The most common e-mail and computer scams are designed to have you click on a link in the e-mail or an attachment to it. The result is malware downloaded to the computer. Malware might do a range of different things. It might give the scammers access to or information on your computer. Or it might flood your computer with various advertisements or software trials. It might simply be malicious, essentially rendering your computer useless.
The latest of these malware e-mail cons is the fake funeral notice, according to the Federal Trade Commission. The subject line is something like “Funeral Notification.” The e-mail appears to be from a real funeral home and informs you that someone special to you has passed away. You can learn more by clicking on the link. Don’t click on the link. E-mails such as these are frauds. If you really want to check it out, in case it is legitimate, then open your web browser and go directly to the web site of the funeral home by typing its address in the address line. If the notice is legitimate, you should be able to locate the information on the web site.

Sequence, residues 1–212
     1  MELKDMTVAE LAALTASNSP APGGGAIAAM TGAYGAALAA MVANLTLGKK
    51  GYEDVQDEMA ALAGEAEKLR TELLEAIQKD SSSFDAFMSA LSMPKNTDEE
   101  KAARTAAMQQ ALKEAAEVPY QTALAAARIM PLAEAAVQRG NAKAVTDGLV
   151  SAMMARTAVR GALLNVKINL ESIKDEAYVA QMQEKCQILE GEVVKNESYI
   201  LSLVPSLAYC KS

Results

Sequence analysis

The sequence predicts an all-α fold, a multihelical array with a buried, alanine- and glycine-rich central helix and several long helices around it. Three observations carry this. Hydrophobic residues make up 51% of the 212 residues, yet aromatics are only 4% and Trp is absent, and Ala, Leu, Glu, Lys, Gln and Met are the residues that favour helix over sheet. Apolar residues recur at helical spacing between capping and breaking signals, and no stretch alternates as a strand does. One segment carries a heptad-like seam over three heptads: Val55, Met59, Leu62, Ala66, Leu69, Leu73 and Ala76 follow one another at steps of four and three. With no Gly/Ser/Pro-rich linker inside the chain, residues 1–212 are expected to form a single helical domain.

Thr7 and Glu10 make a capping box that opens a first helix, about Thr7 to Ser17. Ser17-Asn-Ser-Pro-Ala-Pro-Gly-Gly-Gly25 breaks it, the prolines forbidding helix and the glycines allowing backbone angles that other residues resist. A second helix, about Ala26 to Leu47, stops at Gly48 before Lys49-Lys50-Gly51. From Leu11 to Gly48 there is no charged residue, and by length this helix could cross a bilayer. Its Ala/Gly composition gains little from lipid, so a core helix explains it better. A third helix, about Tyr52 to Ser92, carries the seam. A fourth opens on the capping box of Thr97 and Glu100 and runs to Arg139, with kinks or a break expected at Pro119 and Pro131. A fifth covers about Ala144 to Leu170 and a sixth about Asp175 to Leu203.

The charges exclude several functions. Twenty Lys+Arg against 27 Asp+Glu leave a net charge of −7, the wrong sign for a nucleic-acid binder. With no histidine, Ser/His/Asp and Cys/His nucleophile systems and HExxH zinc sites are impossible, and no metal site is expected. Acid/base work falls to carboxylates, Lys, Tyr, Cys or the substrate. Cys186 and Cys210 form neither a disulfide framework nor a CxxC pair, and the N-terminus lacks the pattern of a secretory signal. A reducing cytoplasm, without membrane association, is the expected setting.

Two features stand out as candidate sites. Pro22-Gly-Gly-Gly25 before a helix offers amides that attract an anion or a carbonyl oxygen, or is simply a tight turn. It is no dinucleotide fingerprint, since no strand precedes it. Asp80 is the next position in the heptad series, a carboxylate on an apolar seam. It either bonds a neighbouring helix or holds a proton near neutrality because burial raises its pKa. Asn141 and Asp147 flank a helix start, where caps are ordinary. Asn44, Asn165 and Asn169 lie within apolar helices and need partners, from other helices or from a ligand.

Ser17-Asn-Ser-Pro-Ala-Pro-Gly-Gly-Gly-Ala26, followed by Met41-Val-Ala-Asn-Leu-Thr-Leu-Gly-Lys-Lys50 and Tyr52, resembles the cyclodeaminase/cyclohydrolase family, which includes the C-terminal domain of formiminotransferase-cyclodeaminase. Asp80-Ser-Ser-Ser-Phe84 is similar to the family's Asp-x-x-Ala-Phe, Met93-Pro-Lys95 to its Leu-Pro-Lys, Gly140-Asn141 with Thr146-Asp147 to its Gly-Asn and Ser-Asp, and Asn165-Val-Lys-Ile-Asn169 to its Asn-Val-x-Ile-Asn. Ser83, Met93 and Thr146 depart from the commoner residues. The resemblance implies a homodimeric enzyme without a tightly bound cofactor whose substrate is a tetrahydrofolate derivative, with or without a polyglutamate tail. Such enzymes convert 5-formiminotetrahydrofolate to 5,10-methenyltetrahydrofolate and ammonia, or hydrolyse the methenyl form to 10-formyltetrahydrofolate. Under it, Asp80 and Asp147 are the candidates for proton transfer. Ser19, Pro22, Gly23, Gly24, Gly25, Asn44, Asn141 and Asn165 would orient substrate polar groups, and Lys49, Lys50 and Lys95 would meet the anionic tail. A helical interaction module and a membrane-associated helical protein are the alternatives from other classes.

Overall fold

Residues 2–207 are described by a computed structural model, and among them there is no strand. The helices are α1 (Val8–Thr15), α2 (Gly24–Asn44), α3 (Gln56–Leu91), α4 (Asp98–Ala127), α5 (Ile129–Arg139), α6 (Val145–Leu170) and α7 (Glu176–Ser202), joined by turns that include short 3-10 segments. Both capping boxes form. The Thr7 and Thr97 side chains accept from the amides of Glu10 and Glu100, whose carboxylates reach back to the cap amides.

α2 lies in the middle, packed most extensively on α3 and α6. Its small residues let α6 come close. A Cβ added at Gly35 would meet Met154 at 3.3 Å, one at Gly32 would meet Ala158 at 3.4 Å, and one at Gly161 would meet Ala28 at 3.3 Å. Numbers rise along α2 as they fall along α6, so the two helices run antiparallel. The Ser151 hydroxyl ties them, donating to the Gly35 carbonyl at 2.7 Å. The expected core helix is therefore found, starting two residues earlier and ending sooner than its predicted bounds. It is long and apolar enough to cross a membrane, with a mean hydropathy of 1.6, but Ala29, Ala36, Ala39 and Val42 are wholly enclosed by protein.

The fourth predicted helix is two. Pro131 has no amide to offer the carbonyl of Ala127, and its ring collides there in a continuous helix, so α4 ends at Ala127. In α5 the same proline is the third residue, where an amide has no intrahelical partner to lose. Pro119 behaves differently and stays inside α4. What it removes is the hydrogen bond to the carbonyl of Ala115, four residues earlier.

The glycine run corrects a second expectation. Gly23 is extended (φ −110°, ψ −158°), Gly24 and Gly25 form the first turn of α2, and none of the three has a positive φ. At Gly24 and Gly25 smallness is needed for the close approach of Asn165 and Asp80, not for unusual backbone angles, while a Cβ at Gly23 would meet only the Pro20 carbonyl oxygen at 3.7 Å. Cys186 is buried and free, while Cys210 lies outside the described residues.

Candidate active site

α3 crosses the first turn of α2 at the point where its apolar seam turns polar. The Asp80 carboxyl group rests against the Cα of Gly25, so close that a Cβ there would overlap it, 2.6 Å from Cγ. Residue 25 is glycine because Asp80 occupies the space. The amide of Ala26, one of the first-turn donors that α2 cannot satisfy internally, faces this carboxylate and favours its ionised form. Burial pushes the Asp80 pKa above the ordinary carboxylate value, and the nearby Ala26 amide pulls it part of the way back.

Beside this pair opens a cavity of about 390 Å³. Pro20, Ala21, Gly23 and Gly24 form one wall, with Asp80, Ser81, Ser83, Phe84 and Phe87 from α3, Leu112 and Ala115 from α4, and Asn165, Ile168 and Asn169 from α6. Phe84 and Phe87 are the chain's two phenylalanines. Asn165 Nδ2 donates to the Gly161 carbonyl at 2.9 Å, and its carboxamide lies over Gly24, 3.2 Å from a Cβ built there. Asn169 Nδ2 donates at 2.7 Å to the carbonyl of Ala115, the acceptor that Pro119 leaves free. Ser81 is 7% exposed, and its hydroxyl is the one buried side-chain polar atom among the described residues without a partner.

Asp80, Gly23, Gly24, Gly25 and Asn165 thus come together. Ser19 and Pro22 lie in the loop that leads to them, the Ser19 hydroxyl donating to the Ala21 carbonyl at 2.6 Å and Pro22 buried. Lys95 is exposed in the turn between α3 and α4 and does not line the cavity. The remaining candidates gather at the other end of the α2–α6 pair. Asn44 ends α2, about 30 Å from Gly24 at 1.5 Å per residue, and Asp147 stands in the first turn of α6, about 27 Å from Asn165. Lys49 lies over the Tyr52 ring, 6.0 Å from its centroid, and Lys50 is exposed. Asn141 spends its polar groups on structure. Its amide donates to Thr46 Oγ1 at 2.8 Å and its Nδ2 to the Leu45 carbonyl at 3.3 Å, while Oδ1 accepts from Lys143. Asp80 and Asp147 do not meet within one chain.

Malware, short for “malicious software,” includes viruses and spyware that get installed on your computer without your consent. These programs can cause your device to crash and can be used to monitor and control your online activity. Criminals use malware to steal personal information, send spam, and commit fraud.
If you get an email about a friend or loved one’s passing, the Federal Trade Commission, the nation’s consumer protection agency, says hit Delete. Don’t click on the link. You may then want to contact the funeral home or family directly to verify the information.